by Caitlin Leong
Art by Chloe Kim
Issue: Aphelion (Spring 2016)

He rips the leaves off the ivy snaking through the ground, clawing a handful at a time.  “I thought these were poisonous,” he says.  

“Only to certain people,” I say.  “Have you finished?”

“Yeah.”  His fingers are covered in dirt as he pushes the last of the ivy into the tangled pile.  “Are you sure this is all you need?”

“I promise.  Break the roots off and let’s go.”

He reaches for the roots and begins shoving them in the bag.

“Careful,” I say sharply.  “You’re going to crush them.”

He nods wordlessly, then finishes gathering them, seals the bag, and offers it to me.  I cringe away from him.  “You carry it.  We can go straight to the market.”


The bell tinkles softly as I enter.  This would be the most inconspicuous place in this town, wedged between the two most popular stores.  The one to the left sells wind chimes, and the one to the right sells glass-blown flowers.

As if this place wasn’t strange enough.  This isn’t the only road you’ll find that sells items related to witchcraft.

The lady behind the counter shuts her book as we enter.  I shake my head to clear my thoughts.  Andromeda, I mean.  That was her name.  The sash around her waist ripples in the dim lighting as she gets off the stool.  It’s emblazoned with the store’s logo, a pentagram, with the edges of it barely brushing the circle it’s encased in.

I pull my coat tighter around me as I stalk up to the counter.  I gesture for him to follow.

“Here’s the ivy I promised,” I say.

She holds out her hand for the bag, and he hands it over after a short nod from me.

“Looks good,” she says.  “Come in the back for a moment.”

I nod.  

He moves to follow me, but Andromeda gives him a look.  As I go with her, I exchange a glance with him, and he gives me a short nod.

Nothing is different from my last visit, years ago.  The small room is filled with the musky scent of herbs, and jars line the walls, waiting to be weighed out and stuffed into herb packets.  There’s one window, but it’s scratched and dirty, so the image of the street in the back is blurred.  But through it, I make out the silhouettes of soldiers packing to leave with the new recruits tomorrow.

She pulls on gloves and takes the ivy out, carefully placing the roots into a bowl, then adding pinches of other ingredients.  She sets it over the old fireplace in the corner of the room.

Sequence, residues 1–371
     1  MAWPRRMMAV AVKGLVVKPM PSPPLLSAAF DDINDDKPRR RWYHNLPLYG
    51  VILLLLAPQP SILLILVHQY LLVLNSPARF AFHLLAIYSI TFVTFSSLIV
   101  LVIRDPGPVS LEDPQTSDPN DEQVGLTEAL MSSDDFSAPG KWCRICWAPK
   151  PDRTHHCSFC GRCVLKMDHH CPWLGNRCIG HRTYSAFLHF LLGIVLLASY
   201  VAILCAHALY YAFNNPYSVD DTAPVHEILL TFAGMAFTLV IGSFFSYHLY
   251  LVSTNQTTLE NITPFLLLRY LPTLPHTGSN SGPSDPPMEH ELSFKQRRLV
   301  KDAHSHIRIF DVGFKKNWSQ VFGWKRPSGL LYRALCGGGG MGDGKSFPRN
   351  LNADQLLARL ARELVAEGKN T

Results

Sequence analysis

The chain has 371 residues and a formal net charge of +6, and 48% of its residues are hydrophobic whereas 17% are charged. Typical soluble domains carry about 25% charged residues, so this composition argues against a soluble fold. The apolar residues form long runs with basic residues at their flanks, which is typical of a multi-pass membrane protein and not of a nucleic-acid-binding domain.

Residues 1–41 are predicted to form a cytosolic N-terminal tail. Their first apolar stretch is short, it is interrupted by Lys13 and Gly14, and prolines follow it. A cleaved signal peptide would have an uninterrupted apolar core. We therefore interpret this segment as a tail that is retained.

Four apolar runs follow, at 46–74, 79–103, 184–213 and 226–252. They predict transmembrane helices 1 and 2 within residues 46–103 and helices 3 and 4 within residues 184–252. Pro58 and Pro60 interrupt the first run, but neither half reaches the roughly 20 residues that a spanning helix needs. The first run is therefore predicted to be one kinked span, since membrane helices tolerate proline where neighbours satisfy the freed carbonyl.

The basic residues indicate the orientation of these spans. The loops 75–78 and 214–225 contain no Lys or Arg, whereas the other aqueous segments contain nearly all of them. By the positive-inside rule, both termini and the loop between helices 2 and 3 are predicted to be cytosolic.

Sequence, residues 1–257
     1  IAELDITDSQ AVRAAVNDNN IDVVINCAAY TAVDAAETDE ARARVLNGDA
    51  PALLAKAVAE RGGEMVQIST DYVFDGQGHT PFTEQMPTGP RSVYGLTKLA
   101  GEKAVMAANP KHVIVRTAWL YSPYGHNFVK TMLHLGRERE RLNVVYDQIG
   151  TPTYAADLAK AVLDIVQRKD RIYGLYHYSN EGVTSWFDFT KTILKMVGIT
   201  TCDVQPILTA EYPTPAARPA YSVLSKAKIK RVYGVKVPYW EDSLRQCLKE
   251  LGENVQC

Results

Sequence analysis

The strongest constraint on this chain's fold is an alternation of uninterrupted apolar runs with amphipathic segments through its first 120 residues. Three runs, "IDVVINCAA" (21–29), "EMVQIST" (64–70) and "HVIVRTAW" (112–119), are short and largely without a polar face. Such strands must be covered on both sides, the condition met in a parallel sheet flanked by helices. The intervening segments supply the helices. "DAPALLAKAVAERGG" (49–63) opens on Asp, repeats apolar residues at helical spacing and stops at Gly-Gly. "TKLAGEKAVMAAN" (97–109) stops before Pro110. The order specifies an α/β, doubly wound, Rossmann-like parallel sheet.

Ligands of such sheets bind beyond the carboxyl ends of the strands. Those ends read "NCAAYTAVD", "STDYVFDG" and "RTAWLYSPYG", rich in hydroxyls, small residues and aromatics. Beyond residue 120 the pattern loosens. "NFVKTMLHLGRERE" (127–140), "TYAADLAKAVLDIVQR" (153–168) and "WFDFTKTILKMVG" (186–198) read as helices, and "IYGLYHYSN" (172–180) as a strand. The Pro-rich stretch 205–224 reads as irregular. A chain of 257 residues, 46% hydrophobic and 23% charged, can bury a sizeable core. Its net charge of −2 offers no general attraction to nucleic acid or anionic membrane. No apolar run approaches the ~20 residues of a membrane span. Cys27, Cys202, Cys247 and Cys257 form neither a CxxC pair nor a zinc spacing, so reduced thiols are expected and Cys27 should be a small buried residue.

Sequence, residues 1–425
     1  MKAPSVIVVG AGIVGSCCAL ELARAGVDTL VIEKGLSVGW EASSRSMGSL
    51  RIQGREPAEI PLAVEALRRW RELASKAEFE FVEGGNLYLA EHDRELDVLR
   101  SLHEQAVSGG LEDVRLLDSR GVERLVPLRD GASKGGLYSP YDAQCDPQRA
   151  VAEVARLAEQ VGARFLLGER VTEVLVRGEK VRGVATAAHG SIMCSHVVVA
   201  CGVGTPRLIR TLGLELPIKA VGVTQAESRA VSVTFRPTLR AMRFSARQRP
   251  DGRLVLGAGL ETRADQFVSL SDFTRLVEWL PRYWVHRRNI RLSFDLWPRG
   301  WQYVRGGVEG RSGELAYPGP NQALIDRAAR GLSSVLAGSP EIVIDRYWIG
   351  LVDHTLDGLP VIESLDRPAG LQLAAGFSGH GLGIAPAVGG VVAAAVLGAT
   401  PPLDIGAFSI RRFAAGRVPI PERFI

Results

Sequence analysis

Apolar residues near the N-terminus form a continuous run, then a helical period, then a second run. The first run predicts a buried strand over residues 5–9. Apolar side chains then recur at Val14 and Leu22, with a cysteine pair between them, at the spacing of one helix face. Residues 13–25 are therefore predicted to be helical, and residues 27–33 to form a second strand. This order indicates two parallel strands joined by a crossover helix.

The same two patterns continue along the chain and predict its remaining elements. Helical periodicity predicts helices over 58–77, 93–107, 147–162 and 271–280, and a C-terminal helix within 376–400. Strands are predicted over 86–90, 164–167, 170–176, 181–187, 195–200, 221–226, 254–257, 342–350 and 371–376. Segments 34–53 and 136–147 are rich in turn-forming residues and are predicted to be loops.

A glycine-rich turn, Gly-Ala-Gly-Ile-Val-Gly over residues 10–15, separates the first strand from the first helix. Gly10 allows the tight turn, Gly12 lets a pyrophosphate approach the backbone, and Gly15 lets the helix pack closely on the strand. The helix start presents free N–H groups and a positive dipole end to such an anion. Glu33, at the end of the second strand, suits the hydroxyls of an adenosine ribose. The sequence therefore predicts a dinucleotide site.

Then she turns to me, and we’re face to face.  Her gaze seems to soften, and she shuffles from foot to foot.  “How’ve you been?”

“Fine,” I say.

Andromeda puts her hand on the wall next to me, and I flinch.  “And your family?”  Her eyes search my face.


“Are you okay?  Or–”

My eyes sting, and I turn away, blinking hard, twice.  But I should be grateful we’re still all together, still in the same house in the rich side of town.  


I back away from her and out the door.   “That’s enough.  I have to leave.”

She looks taken aback, but trails me back outside, where he sits, eyes darting between us.  Sweat drips from his forehead, down to his tattered clothing, and onto the floor.  This place wasn’t for him.  He was for the outdoors and running through ivy.  

She walks up to the counter and takes out the cash box, counting out the money with a furrowed brow.

I say, “This is nothing but a one-time thing.  We’re not coming back.”

She pauses.  “Why?”

I just shrug and shove my hands in my pockets.

She pushes the money across the counter.  

I don’t touch it.  “Can I get an herb pouch with some of that?”

“You mean one of the ivy ones or…?”


“For sweet dreams and good luck.  Are you going somewhere?”  She draws one out from the glass display case behind her.  “I’ll toss the ivy in there for free.”

I just smile.  “Thank you.”

She lowers her voice.  “You’re lucky you’ve still got him.  It’s rare to find someone that is untouched by magic, and still able to gather the ivy.”

I don’t reply, and instead dangle the strings of the herb pouch on my index finger and roll the money together.

“Bye,” she says.

I stumble out the door, glad to be out of the shop.  He stays silent beside me the whole way home, and the only sound is his shuffling footsteps.  His eyes search the road ahead, and when I stop, he looks at me questioningly.

“Why are we here?” he asks.

It’s his house.  He’s usually the one to escort me home, and I can only imagine how I look on his dusty porch, in the poorer part of the town.

I walk forward and push the hand he holds out away, careful not to touch the ivy oil still on his palms.  The wad of cash is heavy in my hands as I reach and push it into his front pocket, along with the herb pouch.

It’ll be useful when he has to leave tomorrow to serve in the military.  

“Good luck,” I say.